Oklahoma City newspaper sues for records about police nightclub incident
After a successful attempt to secure a 911 tape involving an alleged rape at an Oklahoma City club for police officers, The Daily Oklahoman has revised a lawsuit against the city's police department to include any and all records relating to the situation.
The lawsuit stems from police activity following a Sept. 25 incident at a Fraternal Order of Police social club. The Daily Oklahoman reported last month that police might have ignored normal procedures in investigating possible misconduct of other police officers.
Under pressure from the newspaper and City Manager Glenn Deck, the police department prepared a criminal incident report that described how six officers found a half-naked woman and a man drinking beer at 5 a.m. — three hours after closing time — at the club, also known as the Glitter Dome.
The police report blacked out most names in the report because no one had been arrested.
But the department identified Capt. Bill Martin as one officer found inside the club and a possible suspect in an alleged rape of a club bartender.
When the newspaper learned of the incident, editors asked for a tape of a 911 call from the club. Although the paper said Oklahoma City police routinely provide such tapes, this time the department refused.
On Oct. 12, the newspaper filed suit to force the department to release the tape. In the suit, the newspaper noted that the state Open Records Act specifically included “any … sound recording … received by … public officials … in connection with the transaction of public business.”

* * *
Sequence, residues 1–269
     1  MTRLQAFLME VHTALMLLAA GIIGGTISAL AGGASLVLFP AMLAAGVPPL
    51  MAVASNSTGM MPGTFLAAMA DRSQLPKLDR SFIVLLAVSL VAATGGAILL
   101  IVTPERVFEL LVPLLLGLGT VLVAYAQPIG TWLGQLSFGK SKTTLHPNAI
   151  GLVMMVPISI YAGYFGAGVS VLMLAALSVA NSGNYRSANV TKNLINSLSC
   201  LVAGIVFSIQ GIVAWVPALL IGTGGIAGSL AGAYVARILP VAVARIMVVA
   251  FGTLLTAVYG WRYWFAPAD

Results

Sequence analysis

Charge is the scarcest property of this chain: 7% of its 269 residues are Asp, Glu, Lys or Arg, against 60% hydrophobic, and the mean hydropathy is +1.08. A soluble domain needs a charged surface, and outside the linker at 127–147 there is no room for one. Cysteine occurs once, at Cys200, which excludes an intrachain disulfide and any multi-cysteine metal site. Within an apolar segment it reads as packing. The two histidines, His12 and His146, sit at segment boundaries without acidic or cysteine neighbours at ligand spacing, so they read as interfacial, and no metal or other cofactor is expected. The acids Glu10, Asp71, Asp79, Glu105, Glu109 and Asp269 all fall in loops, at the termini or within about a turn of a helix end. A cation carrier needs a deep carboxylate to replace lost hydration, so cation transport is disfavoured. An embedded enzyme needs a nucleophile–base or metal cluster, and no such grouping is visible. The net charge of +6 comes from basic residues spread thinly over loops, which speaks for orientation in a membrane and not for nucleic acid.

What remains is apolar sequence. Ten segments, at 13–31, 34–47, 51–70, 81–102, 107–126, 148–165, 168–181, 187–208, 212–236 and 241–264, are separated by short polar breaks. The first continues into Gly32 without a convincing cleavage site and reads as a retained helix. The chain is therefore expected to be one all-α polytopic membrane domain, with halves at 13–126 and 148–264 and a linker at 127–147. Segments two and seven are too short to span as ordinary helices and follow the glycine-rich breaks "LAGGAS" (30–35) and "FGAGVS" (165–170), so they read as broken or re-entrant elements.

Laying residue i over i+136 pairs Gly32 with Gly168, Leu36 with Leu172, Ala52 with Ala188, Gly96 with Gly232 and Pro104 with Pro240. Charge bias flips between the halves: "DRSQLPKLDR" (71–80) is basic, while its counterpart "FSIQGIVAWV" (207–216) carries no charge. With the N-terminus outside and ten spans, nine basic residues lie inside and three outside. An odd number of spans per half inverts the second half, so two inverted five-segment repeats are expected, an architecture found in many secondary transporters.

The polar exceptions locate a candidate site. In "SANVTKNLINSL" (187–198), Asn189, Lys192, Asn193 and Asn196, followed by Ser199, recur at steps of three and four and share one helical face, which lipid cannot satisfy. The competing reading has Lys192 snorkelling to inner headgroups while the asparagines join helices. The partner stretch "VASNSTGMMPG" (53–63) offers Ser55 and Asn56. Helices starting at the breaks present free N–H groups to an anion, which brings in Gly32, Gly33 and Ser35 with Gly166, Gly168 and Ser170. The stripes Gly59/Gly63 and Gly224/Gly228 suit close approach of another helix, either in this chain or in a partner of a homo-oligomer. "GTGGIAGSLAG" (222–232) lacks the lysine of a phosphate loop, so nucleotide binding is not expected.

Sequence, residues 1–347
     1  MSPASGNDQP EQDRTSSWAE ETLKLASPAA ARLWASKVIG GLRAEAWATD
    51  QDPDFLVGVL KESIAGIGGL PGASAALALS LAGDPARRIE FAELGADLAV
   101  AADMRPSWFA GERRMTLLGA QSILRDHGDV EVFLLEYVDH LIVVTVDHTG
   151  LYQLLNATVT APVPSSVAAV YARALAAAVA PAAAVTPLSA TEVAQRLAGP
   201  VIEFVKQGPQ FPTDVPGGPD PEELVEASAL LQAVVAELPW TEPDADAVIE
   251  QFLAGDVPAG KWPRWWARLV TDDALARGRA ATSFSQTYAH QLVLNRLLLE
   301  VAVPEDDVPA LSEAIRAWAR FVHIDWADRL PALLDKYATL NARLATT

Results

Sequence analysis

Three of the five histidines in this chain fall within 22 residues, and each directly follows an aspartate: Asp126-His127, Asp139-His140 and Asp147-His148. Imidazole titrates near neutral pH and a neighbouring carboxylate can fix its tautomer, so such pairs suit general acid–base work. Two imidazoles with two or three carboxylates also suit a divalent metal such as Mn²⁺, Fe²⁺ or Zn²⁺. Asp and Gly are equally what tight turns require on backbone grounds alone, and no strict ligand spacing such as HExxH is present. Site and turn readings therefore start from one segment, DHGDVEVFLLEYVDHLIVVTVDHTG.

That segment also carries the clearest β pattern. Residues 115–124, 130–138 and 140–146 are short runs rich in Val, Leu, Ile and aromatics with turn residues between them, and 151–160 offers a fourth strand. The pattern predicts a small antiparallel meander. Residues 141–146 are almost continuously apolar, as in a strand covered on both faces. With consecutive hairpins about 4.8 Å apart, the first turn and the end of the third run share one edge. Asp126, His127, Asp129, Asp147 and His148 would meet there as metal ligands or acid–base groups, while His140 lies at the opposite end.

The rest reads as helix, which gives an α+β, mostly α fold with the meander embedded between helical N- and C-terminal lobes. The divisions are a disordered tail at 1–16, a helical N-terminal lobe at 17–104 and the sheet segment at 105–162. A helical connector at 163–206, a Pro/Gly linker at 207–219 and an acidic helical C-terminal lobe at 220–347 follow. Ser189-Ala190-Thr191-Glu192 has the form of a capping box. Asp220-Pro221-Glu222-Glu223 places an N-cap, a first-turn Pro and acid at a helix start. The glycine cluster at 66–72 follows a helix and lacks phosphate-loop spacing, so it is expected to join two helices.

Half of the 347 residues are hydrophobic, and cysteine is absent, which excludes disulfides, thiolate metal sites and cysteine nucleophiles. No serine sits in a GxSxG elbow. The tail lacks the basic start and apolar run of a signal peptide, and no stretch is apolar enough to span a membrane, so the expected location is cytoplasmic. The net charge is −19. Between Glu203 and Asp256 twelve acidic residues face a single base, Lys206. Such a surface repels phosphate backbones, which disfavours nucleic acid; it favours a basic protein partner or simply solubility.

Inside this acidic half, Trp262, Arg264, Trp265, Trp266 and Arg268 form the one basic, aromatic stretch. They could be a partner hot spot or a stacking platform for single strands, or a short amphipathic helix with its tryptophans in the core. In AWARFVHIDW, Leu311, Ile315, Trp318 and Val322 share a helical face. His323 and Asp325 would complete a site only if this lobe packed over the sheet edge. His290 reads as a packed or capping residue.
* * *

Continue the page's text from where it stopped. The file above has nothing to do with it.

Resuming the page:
“The purpose of this act is to ensure and facilitate the public's right of access to and review of government records so they may efficiently and intelligently exercise their inherent political power,” the newspaper said in the lawsuit.
On Oct. 14, the department released the incident report. The next day, it released a tape of the 911 call.
Instead of dropping the lawsuit, the newspaper decided to expand it to include even more records, said Ray Wilkerson, an assistant managing editor at the Oklahoman.
Such documents and tapes might include police conversations on their car phones about the incident, supplemental reports that have yet to be released and other documents related to the incident, Wilkerson said.
“We want to see if anybody had been booked on this incident,” he said. “Any and all documents that were created in this incident — that's what we're trying to get a hold of.”
But police officials have declined to release more information. A spokeswoman for the city manager's office referred calls to the city's legal department which, in turn, directed calls to the police department. Police officials declined comment and referred calls back to the city's legal department.
Wilkerson says the police have clearly tried to cover up the nightclub incident.
“They filed no incident report on responding to this event,” he said. “But the public has a right to know about it. You can't have a separate standard for police from private citizens.”